LITERARY TRENDS: FOR THE PROJECT DICTIONARY OF LITERARY TRENDS IN THE TWENTIETH CENTURY EUROPE AND AMERICA

LITERARY TRENDS: FOR THE PROJECT DICTIONARY OF LITERARY TRENDS IN THE TWENTIETH CENTURY EUROPE AND AMERICA

Journal

  • Journal title: Studia Litterarum
  • ISSN: 2500-4247 (print) 2541-8564 (online)
  • Publisher: A.M. Gorky Institute of World Literature of the Russian Academy of Sciences
  • Country of publisher: russian federation
  • Date added to EuroPub: 2018/May/06

Subject and more

  • LCC Subject Category: Languages and Literature, Literature
  • Publisher's keywords: literary criticism, dictionary, literary trend, literary movement, artistic community, name
  • Language of fulltext: russian, French, english
  • Full-text formats available: PDF

AUTHORS

    Andrey F. Kofman

EDITORIAL INFORMATION

FULL TEXT

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ABSTRACT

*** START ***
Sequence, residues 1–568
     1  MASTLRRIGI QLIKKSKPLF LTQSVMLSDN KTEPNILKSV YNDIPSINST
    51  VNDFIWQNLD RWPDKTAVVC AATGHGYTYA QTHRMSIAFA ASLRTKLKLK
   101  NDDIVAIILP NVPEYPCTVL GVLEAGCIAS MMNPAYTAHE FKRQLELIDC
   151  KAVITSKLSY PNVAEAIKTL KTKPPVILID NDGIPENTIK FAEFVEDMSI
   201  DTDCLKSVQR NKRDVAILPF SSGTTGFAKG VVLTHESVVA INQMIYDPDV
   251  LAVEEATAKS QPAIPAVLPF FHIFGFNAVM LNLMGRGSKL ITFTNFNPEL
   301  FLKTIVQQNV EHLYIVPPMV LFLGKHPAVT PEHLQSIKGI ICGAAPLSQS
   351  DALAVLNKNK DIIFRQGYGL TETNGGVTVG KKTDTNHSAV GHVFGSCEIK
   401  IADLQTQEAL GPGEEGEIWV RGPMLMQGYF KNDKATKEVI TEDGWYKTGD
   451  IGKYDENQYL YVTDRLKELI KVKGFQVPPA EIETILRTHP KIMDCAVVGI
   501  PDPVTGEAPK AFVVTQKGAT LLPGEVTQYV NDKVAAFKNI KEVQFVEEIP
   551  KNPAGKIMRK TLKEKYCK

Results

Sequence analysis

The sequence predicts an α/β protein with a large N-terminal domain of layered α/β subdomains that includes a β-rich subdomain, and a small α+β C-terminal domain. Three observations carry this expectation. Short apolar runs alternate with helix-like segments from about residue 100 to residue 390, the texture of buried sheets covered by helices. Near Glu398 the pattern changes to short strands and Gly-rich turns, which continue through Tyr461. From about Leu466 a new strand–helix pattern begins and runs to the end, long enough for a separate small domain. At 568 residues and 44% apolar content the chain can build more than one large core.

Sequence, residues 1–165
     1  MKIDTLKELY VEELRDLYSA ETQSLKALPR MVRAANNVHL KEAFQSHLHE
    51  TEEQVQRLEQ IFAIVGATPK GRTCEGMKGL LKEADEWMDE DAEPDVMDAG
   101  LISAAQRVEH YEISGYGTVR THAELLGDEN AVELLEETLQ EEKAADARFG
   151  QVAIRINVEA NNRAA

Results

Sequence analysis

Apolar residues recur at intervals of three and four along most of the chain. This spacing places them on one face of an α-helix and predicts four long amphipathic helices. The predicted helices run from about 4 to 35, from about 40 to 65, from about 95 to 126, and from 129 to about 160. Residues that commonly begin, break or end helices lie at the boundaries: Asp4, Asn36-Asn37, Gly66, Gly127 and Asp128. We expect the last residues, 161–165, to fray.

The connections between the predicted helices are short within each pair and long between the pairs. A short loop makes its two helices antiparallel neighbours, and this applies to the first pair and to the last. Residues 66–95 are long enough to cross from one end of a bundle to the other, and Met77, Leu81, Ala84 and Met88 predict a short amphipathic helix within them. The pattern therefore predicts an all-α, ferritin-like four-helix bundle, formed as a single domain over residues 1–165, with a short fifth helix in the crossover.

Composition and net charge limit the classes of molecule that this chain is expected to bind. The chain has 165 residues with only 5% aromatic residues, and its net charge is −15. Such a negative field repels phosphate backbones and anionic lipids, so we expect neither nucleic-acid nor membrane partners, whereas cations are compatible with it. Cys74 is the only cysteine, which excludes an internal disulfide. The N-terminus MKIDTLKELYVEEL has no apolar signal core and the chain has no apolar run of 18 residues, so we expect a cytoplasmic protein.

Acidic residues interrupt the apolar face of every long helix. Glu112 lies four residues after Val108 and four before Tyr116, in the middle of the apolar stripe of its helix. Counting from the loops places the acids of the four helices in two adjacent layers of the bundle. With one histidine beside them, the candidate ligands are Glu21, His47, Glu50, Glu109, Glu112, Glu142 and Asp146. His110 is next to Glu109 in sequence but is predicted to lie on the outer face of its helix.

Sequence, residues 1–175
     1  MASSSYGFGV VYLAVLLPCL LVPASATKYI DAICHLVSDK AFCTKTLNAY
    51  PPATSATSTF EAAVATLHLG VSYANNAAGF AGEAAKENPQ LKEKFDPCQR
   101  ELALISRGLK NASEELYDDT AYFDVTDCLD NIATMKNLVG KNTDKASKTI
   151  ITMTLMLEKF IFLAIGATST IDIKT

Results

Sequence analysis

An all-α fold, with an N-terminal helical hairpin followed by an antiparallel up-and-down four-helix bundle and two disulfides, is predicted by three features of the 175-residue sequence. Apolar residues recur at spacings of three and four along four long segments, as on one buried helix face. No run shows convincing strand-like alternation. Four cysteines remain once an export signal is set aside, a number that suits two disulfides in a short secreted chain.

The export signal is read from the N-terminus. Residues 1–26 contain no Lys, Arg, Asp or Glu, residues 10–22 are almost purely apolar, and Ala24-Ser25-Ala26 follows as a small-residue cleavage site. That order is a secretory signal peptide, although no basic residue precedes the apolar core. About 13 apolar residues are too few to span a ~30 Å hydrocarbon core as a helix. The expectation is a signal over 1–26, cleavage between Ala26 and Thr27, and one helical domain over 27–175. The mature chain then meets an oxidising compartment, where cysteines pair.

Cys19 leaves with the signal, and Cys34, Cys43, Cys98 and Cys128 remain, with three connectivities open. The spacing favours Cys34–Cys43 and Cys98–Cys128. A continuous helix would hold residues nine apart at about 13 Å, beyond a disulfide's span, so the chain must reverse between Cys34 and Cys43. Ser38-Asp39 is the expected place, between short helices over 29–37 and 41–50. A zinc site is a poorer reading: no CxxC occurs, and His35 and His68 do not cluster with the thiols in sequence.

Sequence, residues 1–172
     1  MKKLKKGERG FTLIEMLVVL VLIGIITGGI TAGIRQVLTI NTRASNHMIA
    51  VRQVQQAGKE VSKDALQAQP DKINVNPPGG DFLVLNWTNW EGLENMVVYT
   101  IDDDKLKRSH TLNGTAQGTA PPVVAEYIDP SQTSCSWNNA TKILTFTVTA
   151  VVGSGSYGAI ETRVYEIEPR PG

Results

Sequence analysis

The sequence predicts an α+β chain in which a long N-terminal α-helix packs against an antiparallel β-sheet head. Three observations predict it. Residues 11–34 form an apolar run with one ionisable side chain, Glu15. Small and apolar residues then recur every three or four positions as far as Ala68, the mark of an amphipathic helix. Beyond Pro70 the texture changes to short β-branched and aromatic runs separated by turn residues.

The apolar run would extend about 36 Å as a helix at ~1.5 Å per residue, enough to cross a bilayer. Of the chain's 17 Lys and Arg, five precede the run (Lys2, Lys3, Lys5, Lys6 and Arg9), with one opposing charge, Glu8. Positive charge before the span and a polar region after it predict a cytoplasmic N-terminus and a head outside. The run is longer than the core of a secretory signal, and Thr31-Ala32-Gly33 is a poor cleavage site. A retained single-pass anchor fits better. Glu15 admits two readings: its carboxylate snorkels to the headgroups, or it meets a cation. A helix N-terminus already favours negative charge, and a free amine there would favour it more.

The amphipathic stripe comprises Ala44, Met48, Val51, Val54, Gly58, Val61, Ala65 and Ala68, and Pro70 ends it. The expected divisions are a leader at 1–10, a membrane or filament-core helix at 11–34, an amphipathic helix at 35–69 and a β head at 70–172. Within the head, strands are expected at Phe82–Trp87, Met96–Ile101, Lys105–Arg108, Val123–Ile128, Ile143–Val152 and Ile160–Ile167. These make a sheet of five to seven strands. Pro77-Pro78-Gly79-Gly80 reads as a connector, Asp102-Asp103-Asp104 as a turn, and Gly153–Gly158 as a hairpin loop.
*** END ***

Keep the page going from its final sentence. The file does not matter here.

The article is the outcome of the theoretical research prepared for the encyclopedia in progress entitled Dictionary of Literary Trends in the Twentieth Century Europe and America. This is the frst such encyclopedia known to exist, with no predecessors in Russia or abroad. The encyclopedia material is organized around the term “literary trend” that defnes its specifcity. The author examines the history of this concept in Russian and Soviet literary criticism introducing a number of contraversial interpretations. A different situation is observed in Western European and American literary studies where this theoretical problem does not seem to exist and such terms as “trend,” “movement,” and the like are seen as contingent on specifc contexts of their applicability. This pragmatic approach shall be used in the Dictionary as well. The author introduces the term “artistic community” that goes beyond the scope of individual poetics and should be used as a selective criterion for the encyclopedia material. As the work with the glossary has shown, this criterion is a verbal designation of a certain artistic community that is either coined by artists themselves or by critics. However, this criterion is not as primitive as it may seem. It implies — already in the given name or in the self-name — a number of critical operations: statement or declaration of aesthetic similarities and common aesthetic principles shared by a number of authors; their union on these grounds; a brief description of these aesthetic similarities coined in the name of the trend that is intended not only to identify a certain artistic community but also to differentiate it from others. In the case of self-naming, the recognition of the phenomenon’s value is added. However differently the names of communities are verbarly articulated, each name is informative, semantically rich, and reflects different types of artistic communities discussed in the article.

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